Research Publications: UM-SG-RS-2010-04
Performance of disease-tolerant strains of eastern oyster (Crassostrea virginica) in the Patuxent River, Maryland, 2003 to 2007.
Abbe, GR; McCollough, CB; Barker, LS; Dungan, CF
Source:Journal of Shellfish Research 29(1):161-175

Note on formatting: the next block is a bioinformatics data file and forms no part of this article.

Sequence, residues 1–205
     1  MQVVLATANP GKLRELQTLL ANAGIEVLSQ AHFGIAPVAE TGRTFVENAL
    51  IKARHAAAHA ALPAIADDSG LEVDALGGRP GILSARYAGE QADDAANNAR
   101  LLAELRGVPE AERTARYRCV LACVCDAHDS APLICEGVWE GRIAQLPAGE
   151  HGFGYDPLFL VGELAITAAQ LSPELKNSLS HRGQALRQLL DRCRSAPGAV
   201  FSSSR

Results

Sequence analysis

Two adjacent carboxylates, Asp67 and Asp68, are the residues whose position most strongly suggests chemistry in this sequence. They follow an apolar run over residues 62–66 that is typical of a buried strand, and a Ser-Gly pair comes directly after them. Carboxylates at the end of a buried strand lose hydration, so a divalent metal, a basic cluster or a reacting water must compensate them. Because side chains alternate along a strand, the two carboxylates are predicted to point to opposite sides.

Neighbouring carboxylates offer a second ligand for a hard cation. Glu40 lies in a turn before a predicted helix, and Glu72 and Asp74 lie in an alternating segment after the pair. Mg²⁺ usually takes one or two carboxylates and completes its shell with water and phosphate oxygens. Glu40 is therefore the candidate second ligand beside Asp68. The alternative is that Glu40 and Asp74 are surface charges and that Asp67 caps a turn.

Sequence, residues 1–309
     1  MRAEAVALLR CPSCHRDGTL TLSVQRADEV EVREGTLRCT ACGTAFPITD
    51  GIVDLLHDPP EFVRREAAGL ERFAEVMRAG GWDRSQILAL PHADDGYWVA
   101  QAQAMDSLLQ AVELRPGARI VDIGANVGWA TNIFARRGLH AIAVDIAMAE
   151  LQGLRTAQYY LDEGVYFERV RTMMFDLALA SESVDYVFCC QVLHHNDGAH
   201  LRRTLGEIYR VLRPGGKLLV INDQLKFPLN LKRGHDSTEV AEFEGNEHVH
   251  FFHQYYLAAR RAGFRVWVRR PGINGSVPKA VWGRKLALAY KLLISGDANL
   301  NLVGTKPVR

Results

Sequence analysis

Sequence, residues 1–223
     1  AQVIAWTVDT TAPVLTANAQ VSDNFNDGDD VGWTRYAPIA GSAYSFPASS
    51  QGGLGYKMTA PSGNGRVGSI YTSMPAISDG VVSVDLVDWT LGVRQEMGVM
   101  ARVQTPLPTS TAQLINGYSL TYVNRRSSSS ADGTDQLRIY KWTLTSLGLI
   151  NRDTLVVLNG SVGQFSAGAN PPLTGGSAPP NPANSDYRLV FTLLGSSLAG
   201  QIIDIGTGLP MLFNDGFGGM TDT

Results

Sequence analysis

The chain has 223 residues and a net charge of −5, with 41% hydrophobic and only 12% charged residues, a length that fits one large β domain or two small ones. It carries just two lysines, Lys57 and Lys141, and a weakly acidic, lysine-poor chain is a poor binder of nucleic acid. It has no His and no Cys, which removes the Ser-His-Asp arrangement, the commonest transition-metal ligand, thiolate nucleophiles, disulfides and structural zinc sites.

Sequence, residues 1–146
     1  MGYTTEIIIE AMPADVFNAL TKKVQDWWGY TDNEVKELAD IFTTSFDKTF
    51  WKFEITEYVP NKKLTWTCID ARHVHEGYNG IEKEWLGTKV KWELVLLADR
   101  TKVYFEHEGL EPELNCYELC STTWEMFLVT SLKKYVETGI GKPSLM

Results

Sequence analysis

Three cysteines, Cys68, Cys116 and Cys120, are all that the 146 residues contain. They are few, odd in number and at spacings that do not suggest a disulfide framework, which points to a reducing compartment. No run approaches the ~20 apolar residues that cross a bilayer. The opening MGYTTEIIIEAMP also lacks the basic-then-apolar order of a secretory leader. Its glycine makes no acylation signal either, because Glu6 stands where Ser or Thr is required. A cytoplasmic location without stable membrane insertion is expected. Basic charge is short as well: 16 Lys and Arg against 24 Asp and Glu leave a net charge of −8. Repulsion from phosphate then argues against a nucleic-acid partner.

Three strains of specific pathogen-free (SPF) oysters (Crassostrea virginica) were set on shell and deployed on 3 oyster bars along a salinity gradient in the Patuxent River, MD, to determine whether oyster strains selected or bred for enhanced disease tolerance would outperform a generic control strain in survival and/or growth while under pressure from Perkinsus marinus (the agent of dermo disease). A local Standard oyster strain was used as a reference control, and selected oysters belonged to disease-tolerant DEBY and CROSBreed strains. Initial deployment was in September 2003, during a period of unusually low salinity. Mean river salinities during the first 2 y were 8.5 parts per thousand and 9.0 parts per thousand, respectively, but these rose to historically typical levels of 11.5 parts per thousand and 11.3 parts per thousand during the third and fourth years. Although measuring possible differential effects of dermo disease pressure on the 3 strains was our primary goal, disease pressures were only slight or moderate during all but the final year of the study. Oysters grew well during most of the study, except at the upriver station, where salinities were less than 5 parts per thousand during much of the first year. The DEBY strain showed the best overall growth and survival. Standard and CROS Breed strains were similar in both growth and survival, and did not perform as well as DEBYs. Although P. marinus infection prevalences approached 90-100% among oysters at the 2 downriver sites, even during the first year, and were generally high in late summer each year, oyster body burdens of pathogen cells increased slowly throughout the study, with means reaching lethal levels of 106 parasite cells/g tissue only among Standards and DEBYs, and only during the fourth year. P. marinus infections among sympatric feral oysters (the probable source of disseminated cells infecting SPF oysters), were low during all years at the upriver site, but increased each year with increasing salinities at the downriver sites. As measured by better growth and survival, DEBYs performed best among the 3 strains tested. Whether DEBYs have a use in oyster restoration efforts is controversial, but their value in aquaculture applications appears evident.
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